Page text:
However somebody has to be listening to all this nonsense, otherwise they will not have made a fortune based on these theories. In fact, at the end of the day this is all about materialism and pride, the exact the same things that made Adam and Eve fell into temptation at the beginning. The audience of fictional theology is looking for the same things. They are looking for a story that would put to sleep their conscience, a conscience that still under layers and layers of self sufficiency and atheism has still a doubt about the non-existence of God.
A world without God propels man as the master of the universe. Knowledge and technology empower man to rule the created nature. But man does not realize that this indeed makes him the same with all the created order, his life is loosing its purpose, because without God we are nobody, a smarter monkey and that's it. With God however all makes sense, all falls back into place. We are not an evolutionary error; we are the children of God. Our life has sense only in Him, we come from Him and we go back to him in the eternal life. Our life has now a purpose, a logos, and this Logos is Jesus Christ.
This is why, as Orthodox Christians, keepers of the Holy Scriptures and of the Holy Tradition, we fear not the evil of modern Aryanism. We have the hand of Mary Magdalene that continues to work wonders in our days; hand could not have been found in the fake tomb of Jerusalem, because it was in Mount Athos for centuries! We have the testimony of the relics of Saint Nicholas from the first ecumenical council that are still working wonders in the cathedral of Bari in Italy. The Church speaks for itself, not in words of human scholarly wisdom, but in a higher language, the language of the citizens of the Kingdom of God, the language of the Holy Spirit that we are awaiting to come down on us again next Sunday, at the Pentecost.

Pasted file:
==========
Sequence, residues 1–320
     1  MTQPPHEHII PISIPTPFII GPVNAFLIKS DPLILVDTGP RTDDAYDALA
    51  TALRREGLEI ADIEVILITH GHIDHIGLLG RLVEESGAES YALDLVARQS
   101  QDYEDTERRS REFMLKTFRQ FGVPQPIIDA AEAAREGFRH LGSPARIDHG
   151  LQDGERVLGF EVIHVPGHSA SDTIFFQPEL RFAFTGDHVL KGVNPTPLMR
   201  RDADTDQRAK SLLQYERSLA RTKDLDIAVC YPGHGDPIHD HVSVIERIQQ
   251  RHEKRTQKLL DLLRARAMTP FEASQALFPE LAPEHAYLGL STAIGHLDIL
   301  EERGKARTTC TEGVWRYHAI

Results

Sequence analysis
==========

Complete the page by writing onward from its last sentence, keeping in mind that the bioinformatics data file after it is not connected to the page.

It is not the human wisdom that found the truth at the ecumenical councils, but it was the work of the Holy Spirit as Saint Apostle Peter had declared at the Apostolic Council of Jerusalem, (Acts 15:28) "... it has seemed good to the Holy Spirit and to us ..." Without God we fail to understand Him. We heard the other day the story of Luke and Cleopas, both Apostles, that were everyday with Jesus, and, on their way to Emmaus, they did not recognized Jesus Christ until He, Himself, performed a Liturgy for them through the breaking of the bread and then their eyes were open and knew Him. (Luk 24:13-31)
The truth of the divinity of Christ does not have to be declared by humans, it was declared by the Holy Trinity at the Baptism of Christ when God the Father Himself as a voice from Heaven proclaimed: "This is My beloved Son, in whom I am well pleased." (Mat 3:17) and the Spirit came down on Him as a dove. We need no proof, we have the proof of our faith in our hearts, it is planted in each one of us, although sometimes, seems like we have a hard time to find it.
Let us try therefore today, when we are going to recite the Creed together, as we do it every Liturgy, to cherish the words of our Fathers of the First Ecumenical council that restored our faith in Jesus Christ, and at our turn, ask the Holy Spirit to assist us, in our days, to keep the right path to salvation. Amen.
 http://www.mosnews.com/news/2006/09/04/magdalene.shtml, retrieved on May 18th 2007